50. With the exception of one - American -- author, see Harry M. Flechtner, The Several Texts of the CISG in a Decentralized System: Observations on Translations, Reservations and other Challenges to the Uniformity Principle in Article 7(1), 17 J.L. & Com. 208 (1998).
51. See Peter Schlechtriem, Commentary, Intro to Arts. 1-6, para 29. The vast majority even gives priority to the English version, see Ferrari, Kommentar, supra note 27, Vor Artt 1-6, para. 15, with numerous references.
52. See Alastair Mullis, Avoidance for Breach under the Vienna Convention; A Critical Analysis of Some of the Early Cases, in Anglo-Swedish Studies in Law 338, 339 (M. Andreas & N. Jarborg eds., 1998); Koji Takahashi, Right to Terminate (Avoid) International Sales of Commodities, J. Bus. L. 102, 124 (2003): "The CISG rules do not provide a high degree of legal certainty and predictability, inasmuch as they rely upon ambiguous concepts such as 'fundamental breach' and 'reasonable length'."
53. See, for example, Clayton P Gillette & Robert E Scott, The Political Economy of International Sales Law, 25 International Law and Economics 446, 473 (2005): "Uncertainty results not only from the many vague standards, but also from the use of ambiguous language that may have different meanings in different cultures." James E Bailey, Facing the Truth: Seeing the Convention on Contracts for the International Sale of Goods as an Obstacle to a Uniform Law of International Sales, 32 Cornell Int'l L.J. 273, 275 (1999): "[T]he CISG's rules on interpretation are so obscure that the treaty's own guidelines for producing consistent interpretations fail to promote uniformity."
54. See, for example, § 1-201 UCC.
55. See, for example, Sec. 6 Interpretation Act 1978: "In any act, unless the contrary intention appears, (a) words importing the masculine gender include the feminine; (b) words including the feminine include the masculine; (c) words in the singular include the plural and words in the plural include the singular."
56. Today this can be viewed as common opinion, see instead of all Peter Schlechtriem, Commentary, Art. 7, para. 14.
57. See the CLOUT case digests, available at <http://www.uncitral.org/uncitral/en/case_law/digests/cisg.html>.
58. The criticism advanced by Gillette & Scott, supra note 53, 480, 481 - "the incapacity to adapt the CISG to changing conditions suggests that it will necessarily evolve as an inferior alternative to the more adaptable sales law rules of individual states" -- is therefore unfounded and hardly fits with their earlier criticism of the CISG using too vague a language.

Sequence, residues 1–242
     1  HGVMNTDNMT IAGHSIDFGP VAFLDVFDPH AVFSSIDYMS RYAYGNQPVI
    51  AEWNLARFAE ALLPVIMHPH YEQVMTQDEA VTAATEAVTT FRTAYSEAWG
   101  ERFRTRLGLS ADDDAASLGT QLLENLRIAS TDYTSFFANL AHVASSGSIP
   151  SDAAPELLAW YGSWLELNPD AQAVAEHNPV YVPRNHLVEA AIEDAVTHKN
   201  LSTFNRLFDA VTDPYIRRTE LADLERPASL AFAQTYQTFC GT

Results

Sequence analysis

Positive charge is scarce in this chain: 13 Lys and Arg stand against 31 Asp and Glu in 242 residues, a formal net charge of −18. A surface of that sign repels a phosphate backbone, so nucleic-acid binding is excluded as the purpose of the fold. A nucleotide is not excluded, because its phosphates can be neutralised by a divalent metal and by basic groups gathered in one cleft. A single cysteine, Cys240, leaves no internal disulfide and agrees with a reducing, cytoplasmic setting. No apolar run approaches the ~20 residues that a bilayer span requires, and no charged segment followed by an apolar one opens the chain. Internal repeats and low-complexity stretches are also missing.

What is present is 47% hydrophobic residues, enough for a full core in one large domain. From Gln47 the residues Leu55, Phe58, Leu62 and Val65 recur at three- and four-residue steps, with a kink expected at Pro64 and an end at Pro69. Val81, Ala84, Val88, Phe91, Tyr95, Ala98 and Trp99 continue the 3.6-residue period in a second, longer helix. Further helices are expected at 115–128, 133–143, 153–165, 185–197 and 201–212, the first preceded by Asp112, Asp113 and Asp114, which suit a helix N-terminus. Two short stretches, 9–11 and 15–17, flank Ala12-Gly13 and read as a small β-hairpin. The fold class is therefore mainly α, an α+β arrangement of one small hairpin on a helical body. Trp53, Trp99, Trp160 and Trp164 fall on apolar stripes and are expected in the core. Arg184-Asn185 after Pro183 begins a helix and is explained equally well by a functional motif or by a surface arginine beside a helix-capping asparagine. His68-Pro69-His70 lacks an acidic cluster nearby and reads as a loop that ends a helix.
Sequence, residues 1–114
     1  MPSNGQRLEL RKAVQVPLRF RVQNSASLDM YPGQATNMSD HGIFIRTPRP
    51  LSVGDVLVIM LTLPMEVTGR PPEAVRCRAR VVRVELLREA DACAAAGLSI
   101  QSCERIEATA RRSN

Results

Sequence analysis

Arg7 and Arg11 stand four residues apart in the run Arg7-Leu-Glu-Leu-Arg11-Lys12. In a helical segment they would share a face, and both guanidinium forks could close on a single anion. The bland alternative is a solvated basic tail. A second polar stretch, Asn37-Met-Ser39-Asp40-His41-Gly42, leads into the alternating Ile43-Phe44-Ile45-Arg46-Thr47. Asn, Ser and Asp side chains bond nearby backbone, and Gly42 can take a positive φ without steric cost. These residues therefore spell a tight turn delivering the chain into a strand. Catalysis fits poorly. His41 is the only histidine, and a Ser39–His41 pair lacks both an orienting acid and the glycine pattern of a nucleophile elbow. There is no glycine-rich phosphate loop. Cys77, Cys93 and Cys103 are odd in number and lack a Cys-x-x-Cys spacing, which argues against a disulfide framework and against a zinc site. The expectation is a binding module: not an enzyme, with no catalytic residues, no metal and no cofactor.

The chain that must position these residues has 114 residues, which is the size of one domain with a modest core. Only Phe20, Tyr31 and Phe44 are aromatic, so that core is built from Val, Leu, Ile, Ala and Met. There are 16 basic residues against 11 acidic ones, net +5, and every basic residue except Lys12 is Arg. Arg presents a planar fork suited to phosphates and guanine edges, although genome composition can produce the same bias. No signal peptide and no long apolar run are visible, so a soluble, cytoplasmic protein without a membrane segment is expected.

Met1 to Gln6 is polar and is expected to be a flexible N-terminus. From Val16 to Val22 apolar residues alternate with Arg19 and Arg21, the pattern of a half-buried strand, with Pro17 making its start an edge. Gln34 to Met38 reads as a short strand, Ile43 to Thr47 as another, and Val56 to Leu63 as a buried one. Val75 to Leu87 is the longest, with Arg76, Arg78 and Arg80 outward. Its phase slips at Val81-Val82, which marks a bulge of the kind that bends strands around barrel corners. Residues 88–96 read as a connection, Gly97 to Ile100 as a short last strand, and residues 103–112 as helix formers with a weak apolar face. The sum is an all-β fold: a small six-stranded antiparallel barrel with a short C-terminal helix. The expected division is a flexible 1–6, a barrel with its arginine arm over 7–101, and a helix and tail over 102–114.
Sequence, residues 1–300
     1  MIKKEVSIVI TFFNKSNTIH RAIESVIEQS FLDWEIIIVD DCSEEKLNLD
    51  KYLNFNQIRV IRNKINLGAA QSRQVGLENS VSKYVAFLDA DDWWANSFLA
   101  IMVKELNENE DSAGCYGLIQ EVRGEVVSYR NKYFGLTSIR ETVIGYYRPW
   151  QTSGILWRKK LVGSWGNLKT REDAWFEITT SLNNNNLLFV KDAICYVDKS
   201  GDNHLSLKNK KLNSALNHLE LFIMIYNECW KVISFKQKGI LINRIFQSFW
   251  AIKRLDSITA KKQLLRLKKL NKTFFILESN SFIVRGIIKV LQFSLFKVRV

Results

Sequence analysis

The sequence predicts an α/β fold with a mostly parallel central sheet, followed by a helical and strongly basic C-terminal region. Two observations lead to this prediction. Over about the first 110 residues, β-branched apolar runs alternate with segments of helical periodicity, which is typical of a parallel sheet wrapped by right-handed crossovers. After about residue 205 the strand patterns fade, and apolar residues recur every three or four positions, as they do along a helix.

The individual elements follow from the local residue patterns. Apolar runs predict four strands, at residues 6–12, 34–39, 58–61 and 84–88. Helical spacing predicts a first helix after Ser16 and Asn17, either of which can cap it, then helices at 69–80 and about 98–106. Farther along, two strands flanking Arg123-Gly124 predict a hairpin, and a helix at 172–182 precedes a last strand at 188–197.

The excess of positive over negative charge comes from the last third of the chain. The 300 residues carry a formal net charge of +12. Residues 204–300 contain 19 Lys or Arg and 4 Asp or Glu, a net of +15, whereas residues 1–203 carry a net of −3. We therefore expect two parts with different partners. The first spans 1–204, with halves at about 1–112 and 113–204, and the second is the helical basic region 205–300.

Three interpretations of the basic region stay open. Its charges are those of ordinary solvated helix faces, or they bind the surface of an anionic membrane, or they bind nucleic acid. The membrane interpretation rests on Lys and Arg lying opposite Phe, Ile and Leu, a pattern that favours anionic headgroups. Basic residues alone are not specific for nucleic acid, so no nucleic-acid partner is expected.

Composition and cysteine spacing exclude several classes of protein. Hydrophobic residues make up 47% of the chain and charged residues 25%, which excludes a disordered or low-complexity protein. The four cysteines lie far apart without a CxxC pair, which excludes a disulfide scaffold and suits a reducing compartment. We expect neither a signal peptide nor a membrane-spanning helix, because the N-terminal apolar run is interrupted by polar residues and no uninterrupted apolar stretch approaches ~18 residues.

59. With regard to the 1958 Convention on Recognition and Enforcement of Foreign Arbitral Awards, UNCITRAL in 2006 started to make recommendations as to the interpretation of its provisions, cf. the recommendation, available at <http://www.uncitral.org/pdf/english/texts/arbitration/NY-conv/A2E.pdf>.
60. See for Germany BGH, 8 March 1995, CISG-online 144; BGH, 3 November 1999, CISG-online 475; see also BGH, 30 June 2004, CISG-online 847 (more than two months considered unreasonable). For Switzerland, see BGer, 13 November 2003, CISG-online 840 expressly upholding the judgment of the Court of Appeal Lucerne (Switzerland), 12 May 2003, CISG-online 846. See also Court of Appeal Lucerne (Switzerland), 8 January 1997, CISG-online 228. An exception has to be made with regard to Austria where the Federal Supreme Court still sticks to an overall period for examination of the goods and notification of defect of fourteen days, see OGH, 15 October 1998, CISG-online 380; OGH, 27 August 1999, CISG-online 485; OGH, 14 January 2002, CISG-online 643. Outside Germanic legal systems courts have long before been more liberal in this respect, see Shuttle Packaging Systems, L.L.C. v. Jacob Tsonakis, INA S.A. and INA Plastics Corporation, U.S. Dist. Ct. (W.D. Mich.), 17 December 2001, CISG-online 773 = 2001 U.S. Dist. LEXIS 21630: In case of complex machines, the buyer cannot be expected to notify the seller within a few weeks; TeeVee Toons, Inc. (d/b/a TVT Records) & Steve Gottlieb, Inc. (d/b/a Biobox) v. Gerhard Schubert GmbH, U.S. Dist. Ct. (S.D.N.Y.), 23 August 2006, CISG-online 1272 (approx. two months considered reasonable without further explanation). For an example from Chinese arbitration see CIETAC, 3 June 2003, CISG-online 1451 ("it is only nine months"). See also Court of Appeal Colmar (France), 24 October 2000, CISG-online 578 (adhesive foil: approx. six weeks), and comment by Claude Witz, D. 2002, Somm. 393; Court of Appeal Versailles (France), 29 January 1998, CISG-online 337 (six to eleven months). In contrast, two months or longer were considered unreasonable, see Court of Appeal Paris (France), 6 November 2001, CISG-online 677 = D. 2002, 2795, with comment by Claude Witz, Court of Appeal Aix-en-Provence (France), 1 July 2005, CISG-online 1096 (more than two months), Court of Appeal Gent (Belgium), 4 October 2004, CISG-online 985 (nine months); District Court Veurne (Belgium), 15 January 2003, CISG-online 1056 (nearly three months); District Court Rimini (Italy), 26 November 2002, CISG-online 737 (six months); Court of Appeal La Coruña (Spain), 21 June 2002, CISG-online 1049 (two and a half months); District Court Hasselt (Belgium), 6 March 2002, CISG-online 623 (two months); Maritime Commercial Court (Denmark), 31 January 2002, CISG-online 868 (seven months); District Appeal Court Arnhem (Netherlands), 27 April 1999, CISG-online 741 (two years).